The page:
stitute Lectures, "Lubricants," by Mr.
E. W. Upham, Chrysler Corporation;
and "Producer-Gas Applied to Ve-
hicles," by Mr. R. T. Mees, Cater-
pillar Tractor Company, will be given
at 9 a.m. Saturday, August 17, in

the Amphitheatre of the Rackham
Speech Students: A list of graduate
Speech courses to be offered at Ann
Arbor on Saturday throughout the
ensuing academic year is available
at the Speech office, 3211 Angell
Recordings of the University Men's
Glee Club were made at the Spring
Concert in Hill Auditorium and cop-
ies are still available. One record
contains the following songs: "Tis of
Michigan," "I Want To Go Back
To Michigan," "When Night Falls,"
"Goddess of the Inland Seas," and
"In College Days." The second rec-
ord contains "Laudes Atqua Car-
mina," "Drink, Drink," "The Yel-
low and the Blue," "Nottingham
Hunt," and "Holy Mountain."
These records are available at the
University Broadcasting Service, at
Morris Hall, corner of Jefferson
and State Street. The records sell
for one dollar each.
Library Service After Summer Ses-
sion: In the intereum between the
close of the summer session and the
opening of the fall session the Gen-
eral Library will be closed evenings,
but service will be maintained in the
Main Reading Room, the Periodical
Reading Room, the Medical Reading
Room, and the Circulation Depart-
ment from 8 a.m. to 6 p.m., with the
exception of the period from August
26 to September 2, when the building
is closed completely while extensive
repairs are in progress. Graduate
Reading Rooms and Study Halls both
within and outside of the main build-

ing will be closed until the opening
of the fall semester. All departmental
and collegiate libraries, with the ex-
ception of the Transportation Lib-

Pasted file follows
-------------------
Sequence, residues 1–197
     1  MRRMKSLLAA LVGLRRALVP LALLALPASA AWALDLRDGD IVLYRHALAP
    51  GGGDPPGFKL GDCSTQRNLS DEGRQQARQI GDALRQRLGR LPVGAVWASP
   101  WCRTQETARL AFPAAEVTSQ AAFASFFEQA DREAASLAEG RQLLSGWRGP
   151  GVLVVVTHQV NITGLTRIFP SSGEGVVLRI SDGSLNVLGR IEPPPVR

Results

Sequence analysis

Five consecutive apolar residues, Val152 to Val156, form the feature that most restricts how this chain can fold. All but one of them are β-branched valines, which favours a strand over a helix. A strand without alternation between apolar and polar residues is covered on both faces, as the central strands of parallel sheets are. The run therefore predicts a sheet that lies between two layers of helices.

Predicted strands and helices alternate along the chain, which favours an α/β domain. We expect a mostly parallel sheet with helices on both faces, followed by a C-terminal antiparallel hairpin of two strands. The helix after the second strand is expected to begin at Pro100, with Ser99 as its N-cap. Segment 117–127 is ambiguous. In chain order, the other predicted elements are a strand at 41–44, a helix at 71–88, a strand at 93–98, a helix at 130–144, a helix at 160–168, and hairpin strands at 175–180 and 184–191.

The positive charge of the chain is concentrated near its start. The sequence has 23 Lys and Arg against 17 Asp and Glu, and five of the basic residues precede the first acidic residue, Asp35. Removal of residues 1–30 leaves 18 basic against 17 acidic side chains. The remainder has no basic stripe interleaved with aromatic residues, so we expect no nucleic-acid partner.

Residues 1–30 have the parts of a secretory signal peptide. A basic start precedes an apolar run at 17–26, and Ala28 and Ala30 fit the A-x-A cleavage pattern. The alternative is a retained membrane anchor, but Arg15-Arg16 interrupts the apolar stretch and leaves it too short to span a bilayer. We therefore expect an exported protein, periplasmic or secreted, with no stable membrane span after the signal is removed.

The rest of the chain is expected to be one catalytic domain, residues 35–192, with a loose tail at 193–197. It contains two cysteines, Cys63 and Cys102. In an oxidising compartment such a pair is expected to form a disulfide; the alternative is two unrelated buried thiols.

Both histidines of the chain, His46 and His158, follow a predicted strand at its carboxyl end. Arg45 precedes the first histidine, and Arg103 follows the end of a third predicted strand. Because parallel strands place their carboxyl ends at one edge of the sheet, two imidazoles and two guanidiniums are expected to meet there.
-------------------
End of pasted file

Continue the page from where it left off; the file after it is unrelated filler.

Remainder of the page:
rary, are also closed during this in-
Wm. W. Bishop
All persons registered with the Un-
iversity Bureau of Appointments for
a teaching or business position are
requested to leave a forwarding ad-
dress at the Bureau before leaving
Ann Arbor.
University Bureau of Appointments
and Occupational Information
201 Mason Hall
The University Bureau of Appoint-
ments and Occupational Information
has received notice that the Dela-
ware Personnel Advisory Board offers
the following Civil Service Examina-
tions. Some are open to non-resi-
dents. Closing dates for filing appli-
cations is August 21, 1940.
Director of Child Welfare, salary
range $250 to $333.33.
Supervisor of Case Workers, salary
range $200 to $250.
Junior Supervisor of Case Workers,
salary range $175 to $250.
Senior Case Worker, salary range
$150 to $175.
Junior Case Worker, salary range
$125 to $150.
Student Worker in Training, salary
range none.
Senior Clerk Stenographer, salary
range $80 to $125.
Junior Clerk Stenographer, salary
range $65 to $80.
Junior Accounting Clerk, salary
range $110 to $130.
Supervisor (Case Work Consul-
tant), salary range $166.66 to $225.
Senior Field Worker, salary range
$115 to $135.
Junior Field Worker, salary range
$90 to $115.
Senior Clerk Stenographer, salary
range $75 to $100.
Junior Clerk Stenographer, salary
range $65 to $80.
Appeals Referee, salary range $500
per yr. plus $12.50 per diem.
Telephone Operator, salary range
$90 to $110.
Senior Clerk Stengrapher, ' salary
range $110 to $130.
Junior Clerk, Stenographer, salary
range $85 to $105.
Junior Clerk. Typist, salary range
$80 to $100.
Complete announcement on file at
the University Bureau of Appoint-
ments and Occupational Information,
201 Mason Hall. Office hours: 9-12
and 2-4.
University Bureau of Appointment
and Occupational Information
The University Bureau of Appoint-

Pi. Reward. Call 9815.
WANTED-Middle-aged woman de-
sires ride to West Coast or part
way. This week-end. Call 2-2591.
Mrs. Guess.
LAUNDTAY-2-1044. Sox darned.
Careful work at a low price.-
907 Hoover Phone 5594
Free pickups and deliveries
Price List
(All articles washed and ironed)
Shirts ..................... .14
Undershirts .............. . . .04
Shorts ..................... .04
Pajama Suits .............. .10
Socks, pair ................. .03
Handkerchiefs ..............02
Bath Towels ............... .03